Arts & Events

MUSIC REVIEW: Yo-Yo Ma, Edgar Meyer, and Chris Thile Play Bach at the Greek Theatre

Reviewed by James Roy MacBean
Sunday May 07, 2017 - 02:43:00 PM

Cellist Yo-Yo Ma has stated publically that he grew tired of playing the same old classical repertoire of music for the cello, so he decided to branch out into other areas of music. In his many crossover recordings he has done so. Sometimes, as in his recordings and concerts with the Silk Road Ensemble, the results are good. At other times, the results are, well, a bit hokey. For his concert at Berkeley’s Greek Theatre on Sunday evening, April 30, Yo-Yo Ma joined forces with Chris Thile on mandolin and Edgar Meyer on bass to perform new and unusual scorings of music by Johann Sebastian Bach. Chris Thile, a mandolin virtuoso who plays bluegrass and jazz as well as classical music, recently took over from Garrison Keillor as host of A Prairie Home Companion. Edgar Meyer is both a virtuoso bassist and a composer. -more-

MUSIC REVIEW: Berkeley Symphony Performs Shostakovich’s 13th Symphony

Reviewed by James Roy MacBean
Sunday May 07, 2017 - 02:42:00 PM

Dmitri Shostakovich’s struggles with the Stalinist bureaucracy are well known. The composer was denounced in Pravda for his 1936 opera Lady Macbeth of Mtsensk, which was vilified as an offense to good Soviet principles. However, with his immensely popular Fifth Symphony in 1937, Shostakovich was reinstated into official favor. This period lasted until World War II, when Shostakovich and other Russian composers were summoned by the government and had to make public apologies and pledge henceforth to write music for the proletarian masses. When Nikita Kruschev issued a denunciation of Stalin in 1960, a certain thaw ensued in the artistic circles of the Soviet Union. However, when the young poet Yevgeny Yevtushenko published in 1961 his incendiary poem Babi Yar and lifted the veil on anti-Semitism in the Soviet Union, bringing into the open the Soviet silence over Nazi Germany’s wartime massacre of 34,000 Russian Jews at the ravine of Babi Yar near Kiev, Kruschev lashed out at Yevtushenko and launched a new campaign for “ideological purity” in the arts. However, this did not stop Shostakovich, who had been deeply moved by Yevtushenko’s poem, from deciding to set Babi Yar to music. Shostakovich composed the opening section of his 13th Symphony to Yevtushenko’s poem, and he had already completed it when he met with Yesvtushenko to request permission to set Babi Yar to music. Yevtushenko not only granted Shostakovich permission, he also penned at the composer’s urging a new section entitled “Fears” to be included in the poem and the symphony. The result is a searing portrait of official unwillingness to acknowledge anti-Semitism in the Soviet Union and the fears the Russian people felt about speaking out on any controversial subject. -more-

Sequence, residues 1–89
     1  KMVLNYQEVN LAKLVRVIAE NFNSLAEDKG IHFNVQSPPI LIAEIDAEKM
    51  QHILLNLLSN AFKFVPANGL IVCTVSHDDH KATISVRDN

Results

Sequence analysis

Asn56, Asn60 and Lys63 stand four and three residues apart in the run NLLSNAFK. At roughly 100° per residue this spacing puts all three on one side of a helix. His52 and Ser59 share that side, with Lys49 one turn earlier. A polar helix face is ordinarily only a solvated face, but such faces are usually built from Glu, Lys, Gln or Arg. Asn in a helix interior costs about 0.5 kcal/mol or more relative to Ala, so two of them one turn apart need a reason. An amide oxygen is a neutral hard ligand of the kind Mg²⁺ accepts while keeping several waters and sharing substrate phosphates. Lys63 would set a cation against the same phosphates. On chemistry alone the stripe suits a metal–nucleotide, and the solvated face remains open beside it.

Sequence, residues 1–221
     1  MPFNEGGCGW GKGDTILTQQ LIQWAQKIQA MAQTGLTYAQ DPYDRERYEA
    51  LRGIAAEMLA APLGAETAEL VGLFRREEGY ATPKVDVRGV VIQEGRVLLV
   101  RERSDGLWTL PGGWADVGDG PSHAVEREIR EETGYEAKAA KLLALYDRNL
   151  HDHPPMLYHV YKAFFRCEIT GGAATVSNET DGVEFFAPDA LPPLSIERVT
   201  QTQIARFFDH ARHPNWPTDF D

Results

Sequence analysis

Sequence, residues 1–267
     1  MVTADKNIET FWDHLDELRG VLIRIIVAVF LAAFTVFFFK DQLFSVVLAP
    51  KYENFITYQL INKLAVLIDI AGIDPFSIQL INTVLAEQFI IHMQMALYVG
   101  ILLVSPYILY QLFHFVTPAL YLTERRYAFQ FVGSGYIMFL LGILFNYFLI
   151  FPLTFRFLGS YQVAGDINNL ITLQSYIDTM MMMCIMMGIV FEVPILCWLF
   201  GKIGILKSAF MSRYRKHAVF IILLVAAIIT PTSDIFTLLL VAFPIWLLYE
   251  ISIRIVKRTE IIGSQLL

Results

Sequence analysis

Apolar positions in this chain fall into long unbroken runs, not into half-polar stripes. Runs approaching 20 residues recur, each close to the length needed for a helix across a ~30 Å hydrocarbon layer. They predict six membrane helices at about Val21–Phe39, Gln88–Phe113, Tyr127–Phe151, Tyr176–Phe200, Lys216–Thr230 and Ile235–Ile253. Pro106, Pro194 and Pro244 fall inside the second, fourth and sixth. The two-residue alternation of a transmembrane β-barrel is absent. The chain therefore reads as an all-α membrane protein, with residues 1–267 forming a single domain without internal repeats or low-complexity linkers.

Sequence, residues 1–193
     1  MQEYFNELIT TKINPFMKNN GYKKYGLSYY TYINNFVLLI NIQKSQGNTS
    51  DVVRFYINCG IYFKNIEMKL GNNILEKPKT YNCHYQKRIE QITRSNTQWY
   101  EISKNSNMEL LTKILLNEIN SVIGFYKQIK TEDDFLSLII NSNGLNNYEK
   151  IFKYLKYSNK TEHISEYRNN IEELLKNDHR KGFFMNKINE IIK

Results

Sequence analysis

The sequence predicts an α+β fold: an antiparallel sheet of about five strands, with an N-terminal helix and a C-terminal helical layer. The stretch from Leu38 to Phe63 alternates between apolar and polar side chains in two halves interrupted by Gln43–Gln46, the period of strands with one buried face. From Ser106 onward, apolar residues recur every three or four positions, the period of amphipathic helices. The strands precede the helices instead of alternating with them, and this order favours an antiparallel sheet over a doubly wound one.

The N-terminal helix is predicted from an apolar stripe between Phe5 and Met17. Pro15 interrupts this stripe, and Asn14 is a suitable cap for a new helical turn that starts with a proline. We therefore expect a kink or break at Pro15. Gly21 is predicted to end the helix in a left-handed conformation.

OPERA REVIEW: Philharmonia Baroque Stages Rameau-Voltaire’s Le Temple de la Gloire

Reviewed by James Roy MacBean
Sunday May 07, 2017 - 02:25:00 PM

Imagine the leading French composer of the mid-18th century, Jean-Philippe Rameau, combining forces with the period’s leading French writer and thinker, Voltaire, in an opera intended to provide for King Louis XV of France an allegorical object lesson in what it takes to be a great ruler. Then imagine that this opera was first staged not in an opera house or a palace but rather in a temporary theatre in the stables, La Grande Écurie, at Versailles in 1745. To top it off, imagine that the original score of this 1745 premiere was lost for centuries and then discovered in UC Berkeley’s Hargrove Music Library. Finally, imagine that Philharmonia Baroque Orchestra and Chorale would combine forces with the Centre de Musique Baroque de Versailles and with New York Baroque Dance Company to mount a fully staged production of this opera in Berkeley. What you get staggers the imagination, as we saw when the opera Le Temple de la Gloire opened on Friday evening, April 28, for three performances April 28-30, at Berkeley’s Zellerbach Hall. -more-

THEATER REVIEW: Inferno Theatre's 'Female, Ashkenazi with a Sewing Machine'

Ken Bullock
Saturday May 06, 2017 - 05:51:00 PM

"It's a live oak.

" Her branches extend forever. Did I use the right pronoun?"

"People here can be picky about pronouns."

Jamie Greenblatt's play 'Female, Ashkenazi with a Sewing Machine,' opens with a musical, sweet and humorous courtship vignette, a couple at an old tree. Anna (a strong, affecting performance by elissa Clason) has appeared on Benjamin's (a debonaire and humorous Benoît Monin) "Jewish radar." But she knows nothing about being Jewish, in every sense. She was adopted, an old Singer sewing machine her only link to her otherwise unknown birth mother.

As the play unfolds, like a parable being worked out, a diagnosis of ovarian cancer leads to revelations about identity, community, origin ...

'Female, Ashkenazi ... ' comes from Jamie Greenblatt's own experience, though both the playwright abd her actual circumstances are different from her protagonist. The play is, in fact, playful, without neglecting the seriousness of the disease it turns on, and that is where the excellent collborative production by Inferno Theatre expands on the playwright's vision. -more-

FILM REVIEW: To the Ends of the Earth Foresees a World Beyond Oil and Coal

Reviewed by Gar Smith
Thursday May 04, 2017 - 01:36:00 PM

San Francisco's Roxie Theater, May 10, 7pm. Film screening and panel discussion.

Filmmaker David Lavallee's documentary To The Ends of the Earth begins with playwright Arthur Miller's sobering observation: "An era is said to end when its basic illusions are exhausted." One of our basic illusions is that cheap oil will always be available. Prepare to be exhausted.